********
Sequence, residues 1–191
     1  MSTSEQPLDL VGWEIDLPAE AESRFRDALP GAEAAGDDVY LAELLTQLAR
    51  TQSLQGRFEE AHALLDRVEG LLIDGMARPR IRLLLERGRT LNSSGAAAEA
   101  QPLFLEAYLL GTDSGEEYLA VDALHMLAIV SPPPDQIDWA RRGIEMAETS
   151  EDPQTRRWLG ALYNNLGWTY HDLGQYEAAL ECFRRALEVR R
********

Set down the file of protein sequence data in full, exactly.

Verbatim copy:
Sequence, residues 1–191
     1  MSTSEQPLDL VGWEIDLPAE AESRFRDALP GAEAAGDDVY LAELLTQLAR
    51  TQSLQGRFEE AHALLDRVEG LLIDGMARPR IRLLLERGRT LNSSGAAAEA
   101  QPLFLEAYLL GTDSGEEYLA VDALHMLAIV SPPPDQIDWA RRGIEMAETS
   151  EDPQTRRWLG ALYNNLGWTY HDLGQYEAAL ECFRRALEVR R